Poetry: The Decline and Fall of the Roman Empire by Matthew Tuckner
In Matthew Tuckner’s elegy, the poem becomes a microcosm of the world and writing the urgent act of capturing “the many things / I don’t want you to miss,” the precision of its speaker’s language laden with the highest stakes. This is a poem we’ll keep with us, returning to the power of making “nothing happen, forever” in the face of impending loss.
The Decline and Fall of the Roman Empire
Trumpet, a bloodhound, won Best in Show
the day the chemo failed you.
Nonetheless, the world to put into words,
a turquoise marble in a toddler’s mouth.
Nonetheless, turquoise, toddlers, fitful
patterns of weather in the sunniest winter
on record, the steam devils, the landspouts,
screengrabs of a photograph of the trees
of heaven spinning their windmills of
whirlybirds, deepfaked into phosphorescence,
a slice of nature I bring to your bedside,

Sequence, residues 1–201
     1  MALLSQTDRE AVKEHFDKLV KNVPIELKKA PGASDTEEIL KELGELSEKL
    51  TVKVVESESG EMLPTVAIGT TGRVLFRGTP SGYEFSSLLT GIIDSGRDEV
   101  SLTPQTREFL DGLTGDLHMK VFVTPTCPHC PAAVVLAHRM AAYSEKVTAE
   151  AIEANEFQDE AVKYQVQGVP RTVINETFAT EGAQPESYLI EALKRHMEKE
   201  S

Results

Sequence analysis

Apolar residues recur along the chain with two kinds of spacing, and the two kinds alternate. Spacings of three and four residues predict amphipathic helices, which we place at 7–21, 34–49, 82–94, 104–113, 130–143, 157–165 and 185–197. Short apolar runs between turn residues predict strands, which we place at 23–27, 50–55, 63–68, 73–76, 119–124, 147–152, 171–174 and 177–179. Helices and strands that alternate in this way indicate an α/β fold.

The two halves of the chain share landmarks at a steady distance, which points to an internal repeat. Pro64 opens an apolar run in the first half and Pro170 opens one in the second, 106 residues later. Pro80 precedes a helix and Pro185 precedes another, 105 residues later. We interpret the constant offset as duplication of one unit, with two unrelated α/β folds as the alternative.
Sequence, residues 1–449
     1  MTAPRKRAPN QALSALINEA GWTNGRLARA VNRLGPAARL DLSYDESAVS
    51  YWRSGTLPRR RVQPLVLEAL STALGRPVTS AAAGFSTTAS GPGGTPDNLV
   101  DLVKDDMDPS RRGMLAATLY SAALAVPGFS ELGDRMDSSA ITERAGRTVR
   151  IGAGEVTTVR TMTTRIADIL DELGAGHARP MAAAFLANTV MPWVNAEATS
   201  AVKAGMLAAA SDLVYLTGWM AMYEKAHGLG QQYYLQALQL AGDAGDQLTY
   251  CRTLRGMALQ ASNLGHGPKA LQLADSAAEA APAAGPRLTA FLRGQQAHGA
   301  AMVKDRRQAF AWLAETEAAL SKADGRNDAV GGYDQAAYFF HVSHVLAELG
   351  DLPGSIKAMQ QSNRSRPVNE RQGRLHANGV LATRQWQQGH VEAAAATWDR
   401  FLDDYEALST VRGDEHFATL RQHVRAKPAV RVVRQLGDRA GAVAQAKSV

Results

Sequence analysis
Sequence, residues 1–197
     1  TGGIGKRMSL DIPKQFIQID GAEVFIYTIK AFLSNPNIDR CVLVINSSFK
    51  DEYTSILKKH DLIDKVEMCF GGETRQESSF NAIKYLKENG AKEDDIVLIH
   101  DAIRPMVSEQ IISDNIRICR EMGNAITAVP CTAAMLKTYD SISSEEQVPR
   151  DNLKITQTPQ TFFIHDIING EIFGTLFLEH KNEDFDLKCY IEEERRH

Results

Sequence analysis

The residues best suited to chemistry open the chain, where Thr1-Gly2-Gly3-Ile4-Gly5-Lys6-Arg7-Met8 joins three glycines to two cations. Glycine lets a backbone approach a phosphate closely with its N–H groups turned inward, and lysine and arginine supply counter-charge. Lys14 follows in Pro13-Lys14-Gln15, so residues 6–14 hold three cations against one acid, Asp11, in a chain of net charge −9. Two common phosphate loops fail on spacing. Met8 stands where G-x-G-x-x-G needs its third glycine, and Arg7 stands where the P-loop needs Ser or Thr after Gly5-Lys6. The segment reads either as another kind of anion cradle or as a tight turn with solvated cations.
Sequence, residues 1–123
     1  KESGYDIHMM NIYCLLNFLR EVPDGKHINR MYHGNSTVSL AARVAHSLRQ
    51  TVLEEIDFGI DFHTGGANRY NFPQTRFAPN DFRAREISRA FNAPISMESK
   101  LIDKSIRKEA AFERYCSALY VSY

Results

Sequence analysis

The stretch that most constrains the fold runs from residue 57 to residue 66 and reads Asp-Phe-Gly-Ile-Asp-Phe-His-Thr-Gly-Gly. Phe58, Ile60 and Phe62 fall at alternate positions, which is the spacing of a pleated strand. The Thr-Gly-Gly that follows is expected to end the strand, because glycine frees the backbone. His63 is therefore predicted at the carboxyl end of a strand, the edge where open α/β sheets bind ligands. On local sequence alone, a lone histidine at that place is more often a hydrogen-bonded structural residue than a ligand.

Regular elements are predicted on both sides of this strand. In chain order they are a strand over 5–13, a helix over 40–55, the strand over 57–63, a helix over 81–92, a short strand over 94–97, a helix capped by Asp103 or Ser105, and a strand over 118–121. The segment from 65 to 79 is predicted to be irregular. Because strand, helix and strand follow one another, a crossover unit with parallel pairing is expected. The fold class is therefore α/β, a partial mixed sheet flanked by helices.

scribbling elegies for the many things
I don’t want you to miss, toggling
between black, red, or liver
to describe the folds of skin
sagging from Trumpet’s chin.
I write down the words “fossil on a budget.”
I write down an anaphora of tomorrows,
populating them with gluey sunsets & whale
sightings, the safety of the ocean from the shore.
Tomorrow, when they say, heads
tilted towards their chests,
that there is nothing they can do,
I will write down each word carefully.
I will make nothing happen, forever.
Matthew Tuckner is a writer from New York. He received his MFA in Creative Writing at NYU and will be a PhD candidate in English/Creative Writing at University of Utah beginning in the fall. He was the winner of the 2022 Yellowwood Poetry Prize, selected by Paige Lewis, and was a finalist for the 2023 Mississippi Review Poetry Prize. His poems have appeared or are forthcoming in American Poetry Review, The Adroit Journal, 32 Poems, Copper Nickel, Colorado Review, Denver Quarterly, Pleiades, Ninth Letter, West Branch, The Cincinnati Review, The Missouri Review, and Poetry Daily, among others.